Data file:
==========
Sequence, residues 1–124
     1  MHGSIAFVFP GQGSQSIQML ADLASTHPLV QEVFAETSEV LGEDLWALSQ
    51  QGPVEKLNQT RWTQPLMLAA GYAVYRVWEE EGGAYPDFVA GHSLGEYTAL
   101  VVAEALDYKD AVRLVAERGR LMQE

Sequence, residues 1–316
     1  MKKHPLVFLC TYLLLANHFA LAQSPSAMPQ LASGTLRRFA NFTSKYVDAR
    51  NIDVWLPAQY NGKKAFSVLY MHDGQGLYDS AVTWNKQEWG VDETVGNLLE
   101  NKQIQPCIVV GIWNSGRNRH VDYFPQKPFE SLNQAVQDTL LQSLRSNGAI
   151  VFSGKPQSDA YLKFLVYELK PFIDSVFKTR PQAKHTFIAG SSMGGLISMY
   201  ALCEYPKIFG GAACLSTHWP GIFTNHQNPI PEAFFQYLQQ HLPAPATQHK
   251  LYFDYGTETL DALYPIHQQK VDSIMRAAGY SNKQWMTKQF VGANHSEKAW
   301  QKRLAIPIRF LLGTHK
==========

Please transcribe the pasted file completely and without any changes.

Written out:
Sequence, residues 1–124
     1  MHGSIAFVFP GQGSQSIQML ADLASTHPLV QEVFAETSEV LGEDLWALSQ
    51  QGPVEKLNQT RWTQPLMLAA GYAVYRVWEE EGGAYPDFVA GHSLGEYTAL
   101  VVAEALDYKD AVRLVAERGR LMQE

Sequence, residues 1–316
     1  MKKHPLVFLC TYLLLANHFA LAQSPSAMPQ LASGTLRRFA NFTSKYVDAR
    51  NIDVWLPAQY NGKKAFSVLY MHDGQGLYDS AVTWNKQEWG VDETVGNLLE
   101  NKQIQPCIVV GIWNSGRNRH VDYFPQKPFE SLNQAVQDTL LQSLRSNGAI
   151  VFSGKPQSDA YLKFLVYELK PFIDSVFKTR PQAKHTFIAG SSMGGLISMY
   201  ALCEYPKIFG GAACLSTHWP GIFTNHQNPI PEAFFQYLQQ HLPAPATQHK
   251  LYFDYGTETL DALYPIHQQK VDSIMRAAGY SNKQWMTKQF VGANHSEKAW
   301  QKRLAIPIRF LLGTHK